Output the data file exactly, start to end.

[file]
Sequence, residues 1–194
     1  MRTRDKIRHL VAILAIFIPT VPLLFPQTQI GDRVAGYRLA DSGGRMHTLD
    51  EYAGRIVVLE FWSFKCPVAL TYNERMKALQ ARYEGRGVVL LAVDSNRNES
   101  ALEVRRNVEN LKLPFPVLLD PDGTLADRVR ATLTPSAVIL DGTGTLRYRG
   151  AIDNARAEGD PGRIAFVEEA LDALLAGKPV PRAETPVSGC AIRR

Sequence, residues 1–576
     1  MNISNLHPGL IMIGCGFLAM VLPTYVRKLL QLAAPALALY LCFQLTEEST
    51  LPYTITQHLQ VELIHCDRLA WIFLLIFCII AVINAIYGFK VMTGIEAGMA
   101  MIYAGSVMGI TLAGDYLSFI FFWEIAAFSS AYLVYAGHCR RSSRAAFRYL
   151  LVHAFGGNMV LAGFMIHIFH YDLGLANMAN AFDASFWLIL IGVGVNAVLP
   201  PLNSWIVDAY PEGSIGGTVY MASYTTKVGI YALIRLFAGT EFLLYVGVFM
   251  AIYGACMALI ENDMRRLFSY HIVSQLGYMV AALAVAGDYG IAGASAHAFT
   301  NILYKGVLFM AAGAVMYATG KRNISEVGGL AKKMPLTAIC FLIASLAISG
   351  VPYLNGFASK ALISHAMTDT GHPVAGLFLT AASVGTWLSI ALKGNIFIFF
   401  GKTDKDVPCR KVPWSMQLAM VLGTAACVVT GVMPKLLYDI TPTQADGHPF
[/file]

Sequence, residues 1–194
     1  MRTRDKIRHL VAILAIFIPT VPLLFPQTQI GDRVAGYRLA DSGGRMHTLD
    51  EYAGRIVVLE FWSFKCPVAL TYNERMKALQ ARYEGRGVVL LAVDSNRNES
   101  ALEVRRNVEN LKLPFPVLLD PDGTLADRVR ATLTPSAVIL DGTGTLRYRG
   151  AIDNARAEGD PGRIAFVEEA LDALLAGKPV PRAETPVSGC AIRR

Sequence, residues 1–576
     1  MNISNLHPGL IMIGCGFLAM VLPTYVRKLL QLAAPALALY LCFQLTEEST
    51  LPYTITQHLQ VELIHCDRLA WIFLLIFCII AVINAIYGFK VMTGIEAGMA
   101  MIYAGSVMGI TLAGDYLSFI FFWEIAAFSS AYLVYAGHCR RSSRAAFRYL
   151  LVHAFGGNMV LAGFMIHIFH YDLGLANMAN AFDASFWLIL IGVGVNAVLP
   201  PLNSWIVDAY PEGSIGGTVY MASYTTKVGI YALIRLFAGT EFLLYVGVFM
   251  AIYGACMALI ENDMRRLFSY HIVSQLGYMV AALAVAGDYG IAGASAHAFT
   301  NILYKGVLFM AAGAVMYATG KRNISEVGGL AKKMPLTAIC FLIASLAISG
   351  VPYLNGFASK ALISHAMTDT GHPVAGLFLT AASVGTWLSI ALKGNIFIFF
   401  GKTDKDVPCR KVPWSMQLAM VLGTAACVVT GVMPKLLYDI TPTQADGHPF